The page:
Another key difference between Reagan's rhetoric and today is the comparative civility. Reagan never attacks then-President Lyndon Johnson by name, and he is even careful to use the phrase "our liberal friends" when slapping the domestic left. He does not question their patriotism or call them communists -- after all, the Cold War was still on, and that insult seemed more idiotic and offensive than it does now.
The 40th president may have used the "our liberal friends" phrase during his endorsement speech for Goldwater, but he also used rhetoric closer to today's Tea Party activists, such as in a February 3, 1994 speech to Republicans: "Listening to the liberals, you'd think that the 1980s were the worst period since the Great Depression, filled with suffering and despair. I don't know about you, but I'm getting awfully tired of the whining voices from the White House these days. They're claiming there was a decade of greed and neglect, but you and I know better than that. We were there."
Near the end of his column, the CNN contributor then tried to spin the former president's record to portray him as a government-expanding social liberal.
There is a final irony -- the Reagan who was elected governor of California in 1966 and ran for president in 1980 would have a hard time getting the GOP nomination today. The self-appointed sentinels of conservatism would have taken issue with the fact that as governor, Reagan raised taxes by a billion dollars to close a budget gap and increased the size of the state workforce by 50,000. He also raised taxes as president.
Social conservatives....would have hated that he signed the nation's most liberal abortion bill into law. Reagan wouldn't have been alone in his isolation from contemporary conservative absolutists -- even Barry Goldwater could be painted as liberal today because of his support for gays in the military and the fact that his wife co-founded Planned Parenthood in his home state of Arizona in the 1930s.
Yes, it is true that Reagan raised taxes as president, but as he did earlier, Avlon isn't telling the complete story, this time by omitting details. Reagan signed two income tax reductions, the first in 1982. He also signed that year, according to a 2003 column by Bruce Bartlett, "not one but two major tax increases. The Tax Equity and Fiscal Responsibility Act (TEFRA) raised taxes by $37.5 billion per year and the Highway Revenue Act raised the gasoline tax by another $3.3 billion." Bartlett went on to outline other tax increases that Reagan signed, but contrary to Avlon, he made it clear that he did this "not to besmirch Reagan's reputation, but simply to set the record straight....I don't believe that Reagan ever initiated any of the tax increases enacted during his watch....But when all the political and economic elites of this country gang up on a president to raise taxes, history shows that they always get what they want."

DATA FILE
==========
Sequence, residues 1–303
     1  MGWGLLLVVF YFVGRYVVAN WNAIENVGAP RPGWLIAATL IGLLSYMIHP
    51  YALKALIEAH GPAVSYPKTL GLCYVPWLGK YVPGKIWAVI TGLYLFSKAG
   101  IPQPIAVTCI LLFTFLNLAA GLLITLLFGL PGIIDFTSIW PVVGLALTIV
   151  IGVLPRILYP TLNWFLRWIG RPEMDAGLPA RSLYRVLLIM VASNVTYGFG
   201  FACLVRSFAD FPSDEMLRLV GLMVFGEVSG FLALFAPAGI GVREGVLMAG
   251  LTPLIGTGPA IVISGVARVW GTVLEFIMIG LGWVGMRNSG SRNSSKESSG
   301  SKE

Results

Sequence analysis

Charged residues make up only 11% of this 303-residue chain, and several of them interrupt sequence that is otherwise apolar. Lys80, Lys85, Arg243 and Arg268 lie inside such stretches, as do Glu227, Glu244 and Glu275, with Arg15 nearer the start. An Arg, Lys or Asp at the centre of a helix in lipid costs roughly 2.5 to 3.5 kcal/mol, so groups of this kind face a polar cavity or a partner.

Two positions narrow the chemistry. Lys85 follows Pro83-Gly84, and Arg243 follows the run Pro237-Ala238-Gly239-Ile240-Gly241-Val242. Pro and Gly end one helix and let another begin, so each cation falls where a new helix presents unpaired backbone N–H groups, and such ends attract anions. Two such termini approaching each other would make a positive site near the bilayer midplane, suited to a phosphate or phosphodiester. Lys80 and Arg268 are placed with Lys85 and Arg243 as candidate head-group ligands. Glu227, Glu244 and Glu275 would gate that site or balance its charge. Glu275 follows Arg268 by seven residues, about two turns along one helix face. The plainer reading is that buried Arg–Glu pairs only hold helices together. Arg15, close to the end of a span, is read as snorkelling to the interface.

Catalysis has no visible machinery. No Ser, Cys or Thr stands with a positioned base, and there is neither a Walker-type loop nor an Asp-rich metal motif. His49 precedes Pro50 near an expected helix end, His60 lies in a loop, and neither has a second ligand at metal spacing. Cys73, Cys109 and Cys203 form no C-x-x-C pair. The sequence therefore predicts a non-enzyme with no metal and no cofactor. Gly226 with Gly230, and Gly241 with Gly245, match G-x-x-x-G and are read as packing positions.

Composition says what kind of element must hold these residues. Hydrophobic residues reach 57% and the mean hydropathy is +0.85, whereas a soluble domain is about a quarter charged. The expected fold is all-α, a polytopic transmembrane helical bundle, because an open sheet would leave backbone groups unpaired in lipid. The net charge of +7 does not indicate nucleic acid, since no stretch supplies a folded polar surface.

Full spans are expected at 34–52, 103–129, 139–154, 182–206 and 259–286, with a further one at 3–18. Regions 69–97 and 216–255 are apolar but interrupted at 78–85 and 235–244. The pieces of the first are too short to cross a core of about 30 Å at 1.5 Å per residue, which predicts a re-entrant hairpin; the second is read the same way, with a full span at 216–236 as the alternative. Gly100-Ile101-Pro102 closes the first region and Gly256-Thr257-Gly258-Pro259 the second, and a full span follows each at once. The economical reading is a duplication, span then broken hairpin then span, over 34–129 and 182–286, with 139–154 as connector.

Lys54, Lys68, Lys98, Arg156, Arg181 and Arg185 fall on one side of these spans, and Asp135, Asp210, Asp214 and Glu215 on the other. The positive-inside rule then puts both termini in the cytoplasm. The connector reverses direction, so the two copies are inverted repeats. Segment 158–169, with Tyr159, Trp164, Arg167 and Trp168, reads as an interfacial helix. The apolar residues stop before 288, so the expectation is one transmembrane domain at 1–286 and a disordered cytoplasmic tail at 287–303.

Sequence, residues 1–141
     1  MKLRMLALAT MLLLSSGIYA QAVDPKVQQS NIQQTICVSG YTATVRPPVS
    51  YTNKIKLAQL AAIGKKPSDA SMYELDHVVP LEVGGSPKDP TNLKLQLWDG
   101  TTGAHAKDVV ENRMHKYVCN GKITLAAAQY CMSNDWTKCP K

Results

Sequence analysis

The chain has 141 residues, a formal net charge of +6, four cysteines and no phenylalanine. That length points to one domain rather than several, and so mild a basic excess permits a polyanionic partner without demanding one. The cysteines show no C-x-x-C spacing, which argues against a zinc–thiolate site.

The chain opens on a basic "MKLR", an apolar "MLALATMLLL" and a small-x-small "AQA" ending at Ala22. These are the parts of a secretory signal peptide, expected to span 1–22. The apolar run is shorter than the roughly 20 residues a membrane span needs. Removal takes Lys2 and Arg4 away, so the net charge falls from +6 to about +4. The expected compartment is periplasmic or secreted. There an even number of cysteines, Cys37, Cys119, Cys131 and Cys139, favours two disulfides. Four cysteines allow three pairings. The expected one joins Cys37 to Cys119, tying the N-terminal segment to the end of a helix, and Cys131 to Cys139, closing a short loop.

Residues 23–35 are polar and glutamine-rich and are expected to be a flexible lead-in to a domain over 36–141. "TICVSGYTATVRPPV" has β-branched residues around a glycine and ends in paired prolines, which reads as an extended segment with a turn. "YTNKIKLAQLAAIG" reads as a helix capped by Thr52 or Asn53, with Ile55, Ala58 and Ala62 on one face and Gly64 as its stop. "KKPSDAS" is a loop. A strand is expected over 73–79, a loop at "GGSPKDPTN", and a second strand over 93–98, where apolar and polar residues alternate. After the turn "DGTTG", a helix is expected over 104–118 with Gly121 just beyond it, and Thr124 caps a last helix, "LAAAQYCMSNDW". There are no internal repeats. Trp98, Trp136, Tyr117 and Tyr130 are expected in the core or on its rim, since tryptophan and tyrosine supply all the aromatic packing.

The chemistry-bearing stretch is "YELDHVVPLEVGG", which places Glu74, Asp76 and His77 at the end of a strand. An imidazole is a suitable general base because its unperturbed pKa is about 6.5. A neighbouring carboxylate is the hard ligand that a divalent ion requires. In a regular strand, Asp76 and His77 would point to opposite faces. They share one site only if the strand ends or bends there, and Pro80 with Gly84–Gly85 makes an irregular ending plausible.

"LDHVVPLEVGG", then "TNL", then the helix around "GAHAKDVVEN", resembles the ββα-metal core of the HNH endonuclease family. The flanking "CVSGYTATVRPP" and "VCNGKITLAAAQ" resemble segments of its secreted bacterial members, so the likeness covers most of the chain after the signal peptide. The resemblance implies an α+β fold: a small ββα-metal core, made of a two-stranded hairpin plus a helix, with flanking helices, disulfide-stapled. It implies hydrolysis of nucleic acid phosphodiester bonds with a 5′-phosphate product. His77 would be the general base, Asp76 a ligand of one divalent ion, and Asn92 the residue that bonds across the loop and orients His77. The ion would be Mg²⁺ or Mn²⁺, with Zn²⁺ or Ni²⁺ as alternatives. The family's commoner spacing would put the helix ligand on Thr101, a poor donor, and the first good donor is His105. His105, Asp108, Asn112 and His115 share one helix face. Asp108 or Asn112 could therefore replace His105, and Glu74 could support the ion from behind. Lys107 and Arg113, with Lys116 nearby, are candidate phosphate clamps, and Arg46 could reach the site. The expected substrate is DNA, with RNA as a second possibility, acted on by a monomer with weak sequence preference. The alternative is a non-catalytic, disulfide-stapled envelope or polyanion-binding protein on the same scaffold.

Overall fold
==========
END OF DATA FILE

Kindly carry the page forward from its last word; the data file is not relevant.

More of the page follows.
Also, the 1967 abortion law, which the former actor signed into law when he was governor, was the most liberal at the time, but as journalist Lou Cannon outlined in his 2003 book "Governor Reagan: His Rise to Power," he was no "pro-choice" activist:
In his heart, Reagan...really wanted to veto the Therapeutic Abortion Act. Instead, he subordinated his personal feelings to the commitment he had made to Republican [state] legislators to sign the bill. He wasn't happy about it. "Those were awful weeks," Reagan told me a year later. He added that he would never have signed the bill if he had been more experienced as governor, the only time as governor or President that Reagan acknowledged a mistake on major legislation.
More significantly, when he was president, Reagan authored a pro-life article titled "Abortion and the Conscience of the Nation" for The Human Life Review in its Spring 1983 issue.
Avlon might have a point about ideological purists in the Tea Party, and in the conservative movement in general, taking issue with Reagan's imperfect political record, but he made his point by selectively editing history.